Letting Go

We all know that, in theory, there are many times in life where letting go is the best, most sensible solution.  I don’t know about anyone else, but knowing something in theory, and doing something in reality are two very different things.

I could give you as many examples of this idea as there are words in the English language:  disappointment in the behavior of my children, fights with my husband, frustration with family members, the list could go on forever.  Intellectually, I know that holding on to any of these things produces nothing worthwhile, solves no problems, and serves only to exacerbate an already negative situation.

But damned near impossible to do if I’m in the middle of it.

On a technical level, I currently have 2 sponsees.  Emphasis:  technical level.  The second sponsee I will write more about in the future, we are getting together for the first time tonight, at a meeting, so I hope to have some wonderful, inspirational things to share about this relationship next week.

The first sponsee I have written about quite a few times.  We have had a relationship for several months, but before this morning I have not seen nor heard from her in weeks.  I have attempted to reach out to her, but to no avail.  As of my last unreturned phone call, I was determined to let her go.  I truly felt I had given it my best shot, and she was simply not ready.

So I run into her this morning for the first time in weeks, and we had a few minutes to talk.  I asked her how she was doing, she said, “Terrible.”  She then proceeded to complain about all the people in her life stressing her out, which is causing her anxiety, and all she can do is sit around the house and play video games.  She is sorry she hasn’t called me, she feels guilty about it, but offered no real reason for failing to return texts, phone calls, or cancelling get-togethers.  She also let some new information into the equation, such as she had started dating someone in recovery(breaking a cardinal rule in AA), now he has deeper feelings for her than she for him, and so they are fighting all the time, and her parents are upset with her because they want her to stay with the first “nice” guy she has ever brought home.

My thoughts:  INFORMATION OVERLOAD, followed by, it is WAY too early in the morning for this!

What I said:  I am here if you need me, we can start over anytime, try not to let other people’s issues get in the way of your recovery.  Please call me, and don’t feel guilty about not calling me.

As I said, knowing you need to let go, and actually letting go, are two very different animals.  I guess the most I can do is pray for her, and be there for her if and when she needs me.  And pray, for myself, for the serenity to accept the things I cannot change, the courage to change the things I can, and the wisdom to know the difference!

Today’s Miracle:

On the opposite end of the spectrum, the woman I am meeting tonight has communicated with me almost every day this week, and is so excited to start step work, that her excitement is contagious!


Posted on April 5, 2013, in Recovery and tagged , , , , , , , , , . Bookmark the permalink. 5 Comments.

  1. Sometimes a good friend’s reassurance is all you need to let go! Hope you guys have a great weekend!


  2. “I guess the most I can do is pray for her, and be there for her if and when she needs me. And pray, for myself, for the serenity to accept the things I cannot change, the courage to change the things I can, and the wisdom to know the difference!”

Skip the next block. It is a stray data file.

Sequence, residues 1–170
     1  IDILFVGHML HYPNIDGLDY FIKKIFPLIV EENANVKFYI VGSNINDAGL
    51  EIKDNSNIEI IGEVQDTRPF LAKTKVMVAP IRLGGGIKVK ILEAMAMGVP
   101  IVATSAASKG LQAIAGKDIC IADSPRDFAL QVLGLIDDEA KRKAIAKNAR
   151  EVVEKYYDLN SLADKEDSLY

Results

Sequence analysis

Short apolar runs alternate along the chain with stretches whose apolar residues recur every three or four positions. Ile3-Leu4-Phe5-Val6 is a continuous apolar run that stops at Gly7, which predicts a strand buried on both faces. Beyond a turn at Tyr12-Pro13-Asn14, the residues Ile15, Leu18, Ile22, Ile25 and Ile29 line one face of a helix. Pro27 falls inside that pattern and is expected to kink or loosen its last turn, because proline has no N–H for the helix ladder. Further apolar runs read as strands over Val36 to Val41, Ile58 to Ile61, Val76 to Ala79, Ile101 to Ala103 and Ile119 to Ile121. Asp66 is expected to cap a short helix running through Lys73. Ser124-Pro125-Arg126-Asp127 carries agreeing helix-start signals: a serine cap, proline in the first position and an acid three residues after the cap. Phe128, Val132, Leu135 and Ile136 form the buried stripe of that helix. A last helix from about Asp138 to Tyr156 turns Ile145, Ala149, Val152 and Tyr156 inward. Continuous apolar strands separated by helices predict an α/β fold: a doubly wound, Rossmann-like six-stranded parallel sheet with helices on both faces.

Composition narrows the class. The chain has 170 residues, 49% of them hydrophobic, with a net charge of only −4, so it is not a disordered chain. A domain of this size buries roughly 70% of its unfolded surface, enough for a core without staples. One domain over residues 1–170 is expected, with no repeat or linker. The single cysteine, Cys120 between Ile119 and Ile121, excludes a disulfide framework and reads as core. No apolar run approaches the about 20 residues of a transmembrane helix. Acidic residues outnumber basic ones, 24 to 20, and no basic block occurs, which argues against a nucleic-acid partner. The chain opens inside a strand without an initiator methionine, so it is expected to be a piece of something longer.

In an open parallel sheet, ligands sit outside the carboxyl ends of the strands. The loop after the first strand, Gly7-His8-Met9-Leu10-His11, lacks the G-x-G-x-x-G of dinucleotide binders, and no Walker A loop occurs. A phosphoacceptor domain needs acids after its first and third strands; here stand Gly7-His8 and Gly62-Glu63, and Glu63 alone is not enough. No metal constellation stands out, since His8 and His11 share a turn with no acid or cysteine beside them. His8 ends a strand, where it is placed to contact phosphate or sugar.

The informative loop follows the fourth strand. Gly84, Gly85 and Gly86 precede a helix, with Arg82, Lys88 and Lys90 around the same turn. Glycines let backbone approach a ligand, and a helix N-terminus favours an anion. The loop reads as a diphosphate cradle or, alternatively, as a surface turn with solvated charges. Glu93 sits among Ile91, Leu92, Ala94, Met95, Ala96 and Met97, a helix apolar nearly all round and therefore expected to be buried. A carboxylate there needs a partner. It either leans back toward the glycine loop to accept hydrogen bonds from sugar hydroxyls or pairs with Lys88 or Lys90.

That’s pretty much it, my friend. It sucks, but we can’ force anyone to do anything. You have demonstrated that you are there for her, you have called, you have reached out. Not much more after seeing her and talking to her at that meeting. She needs more pain, it would seem, and she might just get it, with that AA boyfriend, etc. It’s tough to watch, but again, our job is to be there when they are ready. I have one guy who is isolating and I too haven’t heard in a few weeks. I spoke to a man yesterday at lunch who has some serious time and he mentioned that perhaps I should make one last in the flesh visit (at his transition home or his home group) to the sponsee and see how he is. I told him that I had struggled with doing that, as I didn’t want to be running anyone down, but then again, I too wanted to show that I gave a damn, and that is where the balance is. If I were to see my guy and get the reaction you got, or he said he’s fine and I don’t hear from him, then I wash my hands of it. If he calls back, awesome. If not, I focus on the next one who wants it…like your gal there who is contacting you daily.

    It’s can be tough at times, but the rewards are great. And in the end, we’re sober, right?



  3. I give the girls the “51/49 rule.” I don’t go higher than 49% for your recovery. I don’t meet you half way. You need to give more, than me, if you want to succeed in your recovery. I give 51+% to my own recovery and that’s how I stay sober.

    Feel free to start helping yourself stay sober at anytime. I feel a little harsh in saying that because I used to be all butterflies and cupcakes. Until I realize that those things won’t serve them. The approach: STEPS, STEPS, STEPS. Your answers are inside you. It’s your job to find them.

    (I would pick you for my sponsor if I were new. You work a remarkable program.)

    ps. sent the package 🙂


  4. My sponsor always says “Carry the message, not the alcoholic.” There’s only so much you can do and it seems you’re doing it!


  5. Letting go is soooo hard.


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